Despite this unimaginable heartbreak, Abuelaish refused to let hatred coerce him into visceral action. “Hatred,” the doctor said, “is destructive to the hater, not the hated.” In the face of such trauma and injustice, he remained calm and rational and channeled his anger into a fight for justice, not revenge. He knew that hatred would only hurt his interests and sway him off course.
Abuelaish had friends in the hospitals he worked at, colleagues, patients and others who cared for him deeply, my father being one of the many among them. Abuelaish knew not to let the loudest of political actions silence the intentions of citizens on either side of the border. He knew to listen, to speak out with kindness and courage and through action.
I was formally introduced to Abuelaish for the first time when he came to speak at my university. “You’re the son of Bentov?” he said to me. I replied with a smile and a nod. He was ecstatic to meet me, and I could barely believe I was in his presence. We were both baffled by the coincidence, and rejoiced in the opportunity. After the lecture, the professor and several students went to a nearby café to further discuss the tenets of his talk. He inquired on the well-being of my parents and I shared my vague childhood memories of him. Upon his departure, he left his card with me and asked me to contact him again. I have remained in close touch with him since.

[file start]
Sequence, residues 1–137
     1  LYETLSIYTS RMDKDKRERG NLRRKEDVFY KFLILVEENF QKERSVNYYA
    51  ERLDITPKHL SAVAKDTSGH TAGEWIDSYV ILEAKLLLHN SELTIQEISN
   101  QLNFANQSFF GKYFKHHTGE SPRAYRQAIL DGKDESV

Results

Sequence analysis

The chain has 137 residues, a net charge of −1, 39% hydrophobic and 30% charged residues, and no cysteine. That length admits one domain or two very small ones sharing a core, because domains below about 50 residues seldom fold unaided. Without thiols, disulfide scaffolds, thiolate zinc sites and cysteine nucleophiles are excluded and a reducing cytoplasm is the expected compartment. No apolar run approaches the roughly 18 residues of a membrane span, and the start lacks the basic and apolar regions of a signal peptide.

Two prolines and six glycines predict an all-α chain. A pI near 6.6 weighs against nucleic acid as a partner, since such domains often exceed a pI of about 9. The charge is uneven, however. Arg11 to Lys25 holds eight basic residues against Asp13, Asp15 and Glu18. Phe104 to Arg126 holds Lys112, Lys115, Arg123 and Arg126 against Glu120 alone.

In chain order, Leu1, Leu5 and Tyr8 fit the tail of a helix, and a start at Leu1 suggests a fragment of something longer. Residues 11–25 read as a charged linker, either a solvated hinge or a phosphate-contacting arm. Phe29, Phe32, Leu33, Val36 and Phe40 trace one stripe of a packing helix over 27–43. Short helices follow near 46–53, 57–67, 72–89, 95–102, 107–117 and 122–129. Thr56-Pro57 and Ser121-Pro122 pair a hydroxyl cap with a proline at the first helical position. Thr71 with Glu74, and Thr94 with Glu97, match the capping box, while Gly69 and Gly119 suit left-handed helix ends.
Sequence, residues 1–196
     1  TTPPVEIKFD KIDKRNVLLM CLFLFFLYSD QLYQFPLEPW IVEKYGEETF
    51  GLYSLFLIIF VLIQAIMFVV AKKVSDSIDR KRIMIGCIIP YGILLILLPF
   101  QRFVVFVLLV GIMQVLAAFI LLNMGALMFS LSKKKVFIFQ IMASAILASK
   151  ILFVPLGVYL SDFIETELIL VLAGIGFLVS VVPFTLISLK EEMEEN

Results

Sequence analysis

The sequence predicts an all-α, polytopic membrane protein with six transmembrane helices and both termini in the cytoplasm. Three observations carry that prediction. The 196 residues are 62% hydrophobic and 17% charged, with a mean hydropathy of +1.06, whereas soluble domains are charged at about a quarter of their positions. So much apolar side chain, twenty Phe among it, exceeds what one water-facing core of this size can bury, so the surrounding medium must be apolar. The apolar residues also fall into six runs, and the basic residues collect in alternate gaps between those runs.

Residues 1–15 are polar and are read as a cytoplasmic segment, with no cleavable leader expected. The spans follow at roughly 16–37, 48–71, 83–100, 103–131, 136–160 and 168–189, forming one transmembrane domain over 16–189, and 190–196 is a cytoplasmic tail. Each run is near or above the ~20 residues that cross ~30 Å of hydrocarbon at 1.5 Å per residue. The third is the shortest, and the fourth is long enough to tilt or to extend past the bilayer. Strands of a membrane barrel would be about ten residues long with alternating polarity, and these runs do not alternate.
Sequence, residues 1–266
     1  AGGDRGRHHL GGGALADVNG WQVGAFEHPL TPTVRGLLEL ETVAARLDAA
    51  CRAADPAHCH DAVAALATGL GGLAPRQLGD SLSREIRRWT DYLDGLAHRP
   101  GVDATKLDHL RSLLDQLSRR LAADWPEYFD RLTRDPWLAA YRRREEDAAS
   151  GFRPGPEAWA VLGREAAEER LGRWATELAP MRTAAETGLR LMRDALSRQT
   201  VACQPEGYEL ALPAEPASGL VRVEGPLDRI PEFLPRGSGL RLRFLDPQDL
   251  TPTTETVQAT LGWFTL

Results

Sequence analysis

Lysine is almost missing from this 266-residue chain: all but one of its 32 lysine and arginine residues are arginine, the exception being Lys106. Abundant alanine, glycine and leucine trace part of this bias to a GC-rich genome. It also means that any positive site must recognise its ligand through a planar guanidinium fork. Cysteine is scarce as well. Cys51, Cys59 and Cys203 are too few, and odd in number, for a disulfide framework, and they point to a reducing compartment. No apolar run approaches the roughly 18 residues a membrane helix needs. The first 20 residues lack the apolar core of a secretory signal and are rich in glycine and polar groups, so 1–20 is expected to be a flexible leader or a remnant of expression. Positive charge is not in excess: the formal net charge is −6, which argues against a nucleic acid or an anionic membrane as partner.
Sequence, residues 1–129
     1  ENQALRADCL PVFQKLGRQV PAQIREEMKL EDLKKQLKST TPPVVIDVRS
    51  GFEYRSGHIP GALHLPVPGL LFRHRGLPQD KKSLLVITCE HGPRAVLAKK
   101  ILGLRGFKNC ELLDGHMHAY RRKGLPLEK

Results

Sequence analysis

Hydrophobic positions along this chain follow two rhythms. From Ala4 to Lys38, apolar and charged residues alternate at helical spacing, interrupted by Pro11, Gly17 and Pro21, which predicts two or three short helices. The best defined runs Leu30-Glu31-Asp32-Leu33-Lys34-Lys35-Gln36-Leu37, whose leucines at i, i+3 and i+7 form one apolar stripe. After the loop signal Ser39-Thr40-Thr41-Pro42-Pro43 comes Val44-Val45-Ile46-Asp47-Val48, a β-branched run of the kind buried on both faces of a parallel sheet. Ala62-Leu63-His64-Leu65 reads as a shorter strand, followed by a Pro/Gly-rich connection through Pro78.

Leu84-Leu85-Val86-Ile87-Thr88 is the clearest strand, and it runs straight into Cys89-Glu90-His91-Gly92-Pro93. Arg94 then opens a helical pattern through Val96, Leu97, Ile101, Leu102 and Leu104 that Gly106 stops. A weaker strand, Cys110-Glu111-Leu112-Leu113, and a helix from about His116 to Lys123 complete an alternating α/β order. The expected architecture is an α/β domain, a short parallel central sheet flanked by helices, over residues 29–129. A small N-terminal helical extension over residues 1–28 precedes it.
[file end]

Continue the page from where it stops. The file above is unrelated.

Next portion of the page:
In the summer of 2015, Abuelaish offered to let me work in his office, hoping I could write a research paper under his guidance. Sitting in his office at Dalla Lana School of Public Health at the University of Toronto, I gazed around the room, awestruck by the number of awards, photographs with world leaders, diplomas and gifts from supporters and friends that were on display. I remember most my reaction when I saw his bookshelf: the goliath volumes of medicine and politics were overshadowed by the collection of self-help books on overcoming trauma.
One morning, Abuelaish asked me to come with him to see the office of his philanthropic organization, Daughters for Life Foundation. After asking me whether Upper Canada College or University of Toronto Schools, both of which command some $20,000 in annual tuition, are better high school choices for his son’s education, he threw on the same black leather jacket he’s owned for at least a decade and a half, and we made our way to his 1998 Saturn SUV. The priorities he made clear that day and his mere demeanour ingrained in me a sense of proportion that drastically altered the things I hold dear in life. I am unable to articulate exactly how I felt driving in his car that day. I wanted to go home and burst into tears. His humility, his unending devotion to his children, his disregard for material goods. For the life of me, it took everything in my power not to shed a single tear during that car ride.